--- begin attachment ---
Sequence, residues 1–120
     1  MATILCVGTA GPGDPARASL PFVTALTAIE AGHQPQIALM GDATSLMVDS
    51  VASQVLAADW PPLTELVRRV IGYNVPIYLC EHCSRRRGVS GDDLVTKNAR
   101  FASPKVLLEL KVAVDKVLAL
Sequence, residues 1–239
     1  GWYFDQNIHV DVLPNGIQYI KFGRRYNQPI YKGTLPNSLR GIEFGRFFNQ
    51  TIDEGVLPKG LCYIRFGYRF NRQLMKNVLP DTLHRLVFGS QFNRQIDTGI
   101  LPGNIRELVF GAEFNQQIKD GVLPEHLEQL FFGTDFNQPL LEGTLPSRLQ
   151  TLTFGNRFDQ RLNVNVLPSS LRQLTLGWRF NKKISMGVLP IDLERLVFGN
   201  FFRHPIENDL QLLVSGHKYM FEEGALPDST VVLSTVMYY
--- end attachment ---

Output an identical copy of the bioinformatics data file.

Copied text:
Sequence, residues 1–120
     1  MATILCVGTA GPGDPARASL PFVTALTAIE AGHQPQIALM GDATSLMVDS
    51  VASQVLAADW PPLTELVRRV IGYNVPIYLC EHCSRRRGVS GDDLVTKNAR
   101  FASPKVLLEL KVAVDKVLAL
Sequence, residues 1–239
     1  GWYFDQNIHV DVLPNGIQYI KFGRRYNQPI YKGTLPNSLR GIEFGRFFNQ
    51  TIDEGVLPKG LCYIRFGYRF NRQLMKNVLP DTLHRLVFGS QFNRQIDTGI
   101  LPGNIRELVF GAEFNQQIKD GVLPEHLEQL FFGTDFNQPL LEGTLPSRLQ
   151  TLTFGNRFDQ RLNVNVLPSS LRQLTLGWRF NKKISMGVLP IDLERLVFGN
   201  FFRHPIENDL QLLVSGHKYM FEEGALPDST VVLSTVMYY